After the scotch whiskey experience, we found a cheap restaurant nearby to satisfy our hunger. Plain "American" greasy fare, there isn't much to report on that restaurant other than, it was cheap and it filled our growling bellies! It was off to do some more exploring and shopping after that.

Thanks to a suggestion from an old friend who lives in Edinburgh, we had eagerly signed ourselves up for the Ghost & Torture Tour from Auld Reekie Tours, a decision that us ladies would later regret. My friend Lyle had promised us that the ghost tour would be a great way to learn about the history of Edinburgh in a fun and frightening way. I love me some history mixed with entertainment, so I figured this would be a cool and funny experience. Now after the fact, 'funny' is definitely not the word I would use to describe the tour, as our eerie guide took us through the dark underground vaults and torture rooms, while passionately telling us horrifying stories of the tortures that went on in Edinburgh back in the day, as well as ghost experiences that guests have had while on the tour. Shaking and white as...well, you guessed it, white as a ghost, we ended the tour, sure that we would never get a wink of sleep ever again! 

Thank goodness for fun bars with charming bartenders and wicked music, the Victoria Bar in Leith was just what we needed to take our minds off of our terrifying ghost tour experience. 
We awoke on Wednesday morning, sad that this was our final day in beautiful Edinburgh, but excited to take part in The Real Mary King's Close Tour. After grabbing a quick bite at our favourite Edinburgh breakfast spot Eteaket, we rushed back up to the Royal Mile to make it in time for our tour, which would take us through a network of hidden underground streets and spaces which were once inhabited by Mary King (a prominent businesswoman in the 1630's), and are now buried underground, shrouded in myths and mystery! Although this tour hinted at possibly being a repeat of the blood curdling ghost tour we had experienced the previous night, The Real Mary King's Close Tour was only similar to the prior tour in its historical base, as our costumed character tour guide shared with us the true tales of how families lived in this underground town many centuries ago. 

With a few hours to spare before our short flight back to London, we decided to take some time to relax with a good meal and chat about everything we had experienced on our little excursion. Back on Rose Street we stowed our luggage and quickly got a table at Jamie's Italian, Jamie Oliver's large Italian eatery known for their large cheese and charcuterie planks and fresh pastas. Exhausted from a very busy three days, it was so nice to slide into our seats and indulge in Jamie's Meat Plank which featured fennel salami, pistachio mortadella, prosciutto, schiacciata piccante, buffalo mozzarella with chili & mint, pecorino with chili jam, green chillies, green olives, Gaeta, caper berries & shaved carrot & beets with lemon and mint. Following the plank, we shared a plate of Crispy Tomato & Mozzarella Risotto Balls, doused in a spicy arrabbiata sauce, and I dived into my large plate of Tagliatelle Bolognese. Everything was so incredibly delicious and, believe it or not, so much lighter and easy on the stomach than all the greasy, heavy pub food we had been eating. The only thing that could have made our experience at Jamie's Italian better? Why, if Jamie Oliver himself showed up, of course!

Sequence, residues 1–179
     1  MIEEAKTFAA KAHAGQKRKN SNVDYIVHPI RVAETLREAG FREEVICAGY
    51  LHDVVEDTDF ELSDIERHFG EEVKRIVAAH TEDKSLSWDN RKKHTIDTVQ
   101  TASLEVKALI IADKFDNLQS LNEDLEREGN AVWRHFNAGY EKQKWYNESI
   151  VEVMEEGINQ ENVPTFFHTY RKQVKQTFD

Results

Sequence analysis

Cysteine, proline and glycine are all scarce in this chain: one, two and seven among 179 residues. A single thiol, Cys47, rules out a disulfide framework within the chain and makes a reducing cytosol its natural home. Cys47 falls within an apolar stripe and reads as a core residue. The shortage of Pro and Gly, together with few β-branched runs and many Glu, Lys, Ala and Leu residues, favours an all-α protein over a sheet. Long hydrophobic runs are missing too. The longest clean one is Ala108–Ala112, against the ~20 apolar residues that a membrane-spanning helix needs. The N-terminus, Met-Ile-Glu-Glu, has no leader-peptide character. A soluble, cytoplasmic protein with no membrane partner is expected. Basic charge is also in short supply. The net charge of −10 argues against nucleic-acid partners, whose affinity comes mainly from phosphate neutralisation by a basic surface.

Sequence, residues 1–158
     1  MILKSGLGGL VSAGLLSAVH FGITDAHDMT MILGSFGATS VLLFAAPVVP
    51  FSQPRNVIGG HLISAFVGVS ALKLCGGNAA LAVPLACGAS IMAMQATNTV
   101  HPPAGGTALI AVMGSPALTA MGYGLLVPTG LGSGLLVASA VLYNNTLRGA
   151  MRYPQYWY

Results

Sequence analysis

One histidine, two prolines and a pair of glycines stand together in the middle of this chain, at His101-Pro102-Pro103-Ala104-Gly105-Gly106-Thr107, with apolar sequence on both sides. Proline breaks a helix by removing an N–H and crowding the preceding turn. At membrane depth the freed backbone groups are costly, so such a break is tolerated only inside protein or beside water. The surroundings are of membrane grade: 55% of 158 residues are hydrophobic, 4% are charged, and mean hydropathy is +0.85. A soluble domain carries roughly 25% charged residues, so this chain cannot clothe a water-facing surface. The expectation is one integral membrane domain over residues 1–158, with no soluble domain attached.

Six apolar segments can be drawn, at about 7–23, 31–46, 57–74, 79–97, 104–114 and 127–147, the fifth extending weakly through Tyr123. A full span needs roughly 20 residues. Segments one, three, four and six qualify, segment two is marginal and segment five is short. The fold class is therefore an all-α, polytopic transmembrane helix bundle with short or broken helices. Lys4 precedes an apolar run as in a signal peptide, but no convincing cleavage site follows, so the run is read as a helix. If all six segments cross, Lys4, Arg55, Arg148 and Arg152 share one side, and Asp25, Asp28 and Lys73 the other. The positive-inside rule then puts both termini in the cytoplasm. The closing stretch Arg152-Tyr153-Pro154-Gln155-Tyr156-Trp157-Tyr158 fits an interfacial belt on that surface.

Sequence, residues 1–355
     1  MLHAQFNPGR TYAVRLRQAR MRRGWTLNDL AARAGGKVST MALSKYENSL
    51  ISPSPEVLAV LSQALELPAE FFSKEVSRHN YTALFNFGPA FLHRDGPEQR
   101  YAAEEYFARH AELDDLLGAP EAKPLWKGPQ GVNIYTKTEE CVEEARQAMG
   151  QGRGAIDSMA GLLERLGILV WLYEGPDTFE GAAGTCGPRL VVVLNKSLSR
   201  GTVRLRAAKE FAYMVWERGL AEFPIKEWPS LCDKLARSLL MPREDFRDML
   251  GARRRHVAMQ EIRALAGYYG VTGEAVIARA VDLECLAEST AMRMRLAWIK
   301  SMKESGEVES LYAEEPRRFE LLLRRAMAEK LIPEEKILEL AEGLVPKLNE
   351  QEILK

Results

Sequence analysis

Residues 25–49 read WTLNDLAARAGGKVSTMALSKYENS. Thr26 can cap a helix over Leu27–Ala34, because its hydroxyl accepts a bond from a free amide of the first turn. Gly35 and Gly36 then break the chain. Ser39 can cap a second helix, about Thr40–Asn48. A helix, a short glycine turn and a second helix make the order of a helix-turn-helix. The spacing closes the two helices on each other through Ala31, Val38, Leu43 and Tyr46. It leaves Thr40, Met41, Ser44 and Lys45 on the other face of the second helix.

With full bellies and happy hearts, we sleepily boarded our EasyJet flight back to London to continue our UK adventure! 

Listening To:

Tuesday, March 4, 2014

London, England: Camden Market

After a great nights sleep in our cozy hotel bed and a light breakfast of custard pastries from the local Costa Coffee shop, Chris and I were ready to delve into day two of our London adventure! After having so much fun walking around Portobello Market the previous day, Melissa and her friends decided to take us to another well known market in London, Camden Market, known to be one of the busiest weekend markets in London, with Sunday's trading day being the most lively. This Sunday was certainly no exception with streams of people snaking through the many incense-filled lanes lined with stalls, selling everything from hot prepared food, fashions, jewelry, vintage goods, and crafts from all over the world.  With so many beautiful offerings, I found myself overwhelmed and unsure as to how I could possibly fit everything I loved into my luggage. Hand painted ceramic bowls, striking textiles, haunting paintings, and vintage bar trays were just a few of the treasures I had hopes of coveting, had I thought of packing less in my luggage to allow more London goodies to fill it to take home. I'll have to remember that for my next trip to London!

After popping into just about every little shop within the market with wide eyes, it was of course time to enjoy a pint. We found ourselves in The Cuban Bar right in the heart of the market, a bar that fit the bill for us, purely because we could get a table and fast service. The Cuban Bar was nothing particularly special during the day (when you have great company, that's all you really need!) but Melissa told us to try and come back at night when the restaurant turns into a lively lounge filled with Cuban music and lots of dancing.

Still getting over our jet lag, and with an early flight to Edinburgh in the morning, we decided to have a quiet night in at Melissa's flat, picking up some beer from the off-license a few doors down, enjoying the hockey game like the true Canadian's we are, and digging into a big plate of pasta made by one of Melissa's roommates. We had a big day ahead of us! Stay tuned for our experience in Edinburgh, Scotland!